This movie was a big motivator for these recent sequel lists, so finally I decided to talk about it. This is one of those instances where I thought the movie itself wasn’t necessarily bad – the real problem is that it doesn’t actually feel like a sequel to the first G.I. Joe movie which I happened to like very much. There’s no Ripcord, Scarlett, Baroness or General Hawk. Heck, even Brendan Fraser didn’t want to make a frivolous cameo like he did with the first movie. Duke comes back but gets killed off during the first 20 minutes, after which you’re expected to cheer on The Rock and company.
Snake Eyes and Storm Shadow do come back and, consequently, their storyline was much more interesting than the main one. I would even go so far as to say it somewhat redeems the movie. The problem is that I don’t care about the rest of the protagonists and this is really why the movie falls flat. It does resolve a lot of things from the first movie, which I’m grateful for, but its main story is honestly a little weak.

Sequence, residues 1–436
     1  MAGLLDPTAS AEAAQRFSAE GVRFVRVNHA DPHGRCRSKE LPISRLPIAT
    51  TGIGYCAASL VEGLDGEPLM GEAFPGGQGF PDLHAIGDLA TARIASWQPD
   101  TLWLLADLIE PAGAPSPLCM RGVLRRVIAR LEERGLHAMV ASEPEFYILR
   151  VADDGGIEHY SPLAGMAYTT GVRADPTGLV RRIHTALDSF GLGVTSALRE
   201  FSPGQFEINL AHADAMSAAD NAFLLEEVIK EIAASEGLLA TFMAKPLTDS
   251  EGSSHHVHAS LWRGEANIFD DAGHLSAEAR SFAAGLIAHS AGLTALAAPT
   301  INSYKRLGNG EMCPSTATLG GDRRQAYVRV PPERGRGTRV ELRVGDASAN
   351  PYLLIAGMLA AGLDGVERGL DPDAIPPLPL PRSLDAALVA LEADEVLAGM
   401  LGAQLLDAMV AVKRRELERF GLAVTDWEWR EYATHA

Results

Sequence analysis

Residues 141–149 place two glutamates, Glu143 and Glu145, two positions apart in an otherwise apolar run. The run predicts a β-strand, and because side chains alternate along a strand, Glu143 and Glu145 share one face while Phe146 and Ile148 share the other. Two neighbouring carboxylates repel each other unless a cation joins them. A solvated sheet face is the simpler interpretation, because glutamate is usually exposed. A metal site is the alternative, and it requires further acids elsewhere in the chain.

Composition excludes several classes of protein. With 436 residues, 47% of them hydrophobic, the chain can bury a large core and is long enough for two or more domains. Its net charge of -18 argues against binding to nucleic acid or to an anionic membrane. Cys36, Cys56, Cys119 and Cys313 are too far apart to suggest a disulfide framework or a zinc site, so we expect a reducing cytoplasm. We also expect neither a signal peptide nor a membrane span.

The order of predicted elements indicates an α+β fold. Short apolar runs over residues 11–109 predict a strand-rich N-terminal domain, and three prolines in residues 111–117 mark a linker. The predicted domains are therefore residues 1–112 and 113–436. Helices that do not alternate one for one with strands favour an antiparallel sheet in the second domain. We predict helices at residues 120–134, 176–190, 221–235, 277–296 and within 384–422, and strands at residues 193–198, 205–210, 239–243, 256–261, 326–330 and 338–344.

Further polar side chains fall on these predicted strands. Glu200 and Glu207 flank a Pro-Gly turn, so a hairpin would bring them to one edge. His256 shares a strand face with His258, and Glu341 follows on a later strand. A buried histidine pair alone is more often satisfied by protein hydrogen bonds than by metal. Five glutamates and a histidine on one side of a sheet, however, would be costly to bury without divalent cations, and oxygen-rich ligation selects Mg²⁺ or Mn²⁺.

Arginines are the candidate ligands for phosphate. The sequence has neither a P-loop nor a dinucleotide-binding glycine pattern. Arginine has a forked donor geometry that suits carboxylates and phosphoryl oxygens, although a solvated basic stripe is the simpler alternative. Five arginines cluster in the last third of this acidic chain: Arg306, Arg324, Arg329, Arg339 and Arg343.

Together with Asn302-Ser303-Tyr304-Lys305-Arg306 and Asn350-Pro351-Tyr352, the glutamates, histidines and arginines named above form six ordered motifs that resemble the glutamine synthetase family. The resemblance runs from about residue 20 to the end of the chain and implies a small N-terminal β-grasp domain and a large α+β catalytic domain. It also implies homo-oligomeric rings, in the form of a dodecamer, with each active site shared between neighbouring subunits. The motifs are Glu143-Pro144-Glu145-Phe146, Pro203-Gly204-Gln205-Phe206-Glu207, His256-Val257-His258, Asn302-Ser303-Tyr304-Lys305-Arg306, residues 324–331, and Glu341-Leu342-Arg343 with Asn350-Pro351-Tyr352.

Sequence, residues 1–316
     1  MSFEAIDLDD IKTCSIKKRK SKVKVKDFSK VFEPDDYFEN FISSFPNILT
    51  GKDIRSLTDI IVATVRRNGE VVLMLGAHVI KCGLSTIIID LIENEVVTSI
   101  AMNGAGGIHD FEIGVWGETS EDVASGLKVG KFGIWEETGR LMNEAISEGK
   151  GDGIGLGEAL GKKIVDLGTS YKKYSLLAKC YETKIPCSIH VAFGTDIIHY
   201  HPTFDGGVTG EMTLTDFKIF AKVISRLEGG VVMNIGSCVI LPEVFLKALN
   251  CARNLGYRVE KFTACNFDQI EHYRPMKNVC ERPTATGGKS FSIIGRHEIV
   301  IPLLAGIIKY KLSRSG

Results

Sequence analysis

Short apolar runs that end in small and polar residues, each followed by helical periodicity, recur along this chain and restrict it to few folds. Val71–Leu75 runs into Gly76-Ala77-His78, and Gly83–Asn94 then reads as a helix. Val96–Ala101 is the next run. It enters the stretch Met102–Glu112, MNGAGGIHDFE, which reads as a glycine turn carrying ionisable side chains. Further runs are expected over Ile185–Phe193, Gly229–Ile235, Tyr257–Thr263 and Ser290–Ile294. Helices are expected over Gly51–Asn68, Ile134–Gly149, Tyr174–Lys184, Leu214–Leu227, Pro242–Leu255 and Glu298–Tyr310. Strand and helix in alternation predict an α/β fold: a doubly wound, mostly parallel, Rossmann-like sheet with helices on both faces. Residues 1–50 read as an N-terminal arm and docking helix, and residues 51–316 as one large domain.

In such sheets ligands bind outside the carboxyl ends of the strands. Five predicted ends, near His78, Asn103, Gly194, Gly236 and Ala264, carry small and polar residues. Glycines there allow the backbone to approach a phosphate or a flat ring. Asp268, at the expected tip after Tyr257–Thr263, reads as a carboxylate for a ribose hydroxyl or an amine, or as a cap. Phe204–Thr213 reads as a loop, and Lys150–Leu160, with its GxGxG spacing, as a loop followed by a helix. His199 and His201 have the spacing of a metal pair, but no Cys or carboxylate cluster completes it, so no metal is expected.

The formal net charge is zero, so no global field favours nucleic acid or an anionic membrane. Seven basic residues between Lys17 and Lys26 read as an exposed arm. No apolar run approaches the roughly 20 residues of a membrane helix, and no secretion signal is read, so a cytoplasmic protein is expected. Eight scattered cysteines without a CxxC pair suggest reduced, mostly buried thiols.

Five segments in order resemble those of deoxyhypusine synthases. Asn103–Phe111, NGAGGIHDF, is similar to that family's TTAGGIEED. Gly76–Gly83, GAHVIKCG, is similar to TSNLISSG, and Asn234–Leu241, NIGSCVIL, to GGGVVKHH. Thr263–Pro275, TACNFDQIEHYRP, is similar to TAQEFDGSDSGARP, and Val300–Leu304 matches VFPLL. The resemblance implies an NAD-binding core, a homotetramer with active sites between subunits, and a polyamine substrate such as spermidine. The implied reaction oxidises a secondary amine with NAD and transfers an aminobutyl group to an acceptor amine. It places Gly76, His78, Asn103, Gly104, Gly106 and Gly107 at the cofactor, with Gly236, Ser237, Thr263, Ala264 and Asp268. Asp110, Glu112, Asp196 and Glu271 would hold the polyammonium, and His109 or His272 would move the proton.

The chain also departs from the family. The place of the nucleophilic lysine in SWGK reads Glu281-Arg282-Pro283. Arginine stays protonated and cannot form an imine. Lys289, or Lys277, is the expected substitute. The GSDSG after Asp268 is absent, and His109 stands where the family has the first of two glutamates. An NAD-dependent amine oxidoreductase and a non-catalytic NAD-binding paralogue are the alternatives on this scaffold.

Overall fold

In the fourth instalment of the Resident Evil movie series, Alice goes after Umbrella’s leader Albert Wesker with an army of clones in an effort to shut them down permanently. After having her psychic powers removed from her by Wesker and blowing up his plane, Alice continues for her search for Claire Redfield and the survivors of the desert caravan from the previous movie. After she only finds Claire, who has amnesia, she heads for Los Angeles and ends up trying to help a group of survivors there, barricaded in a prison.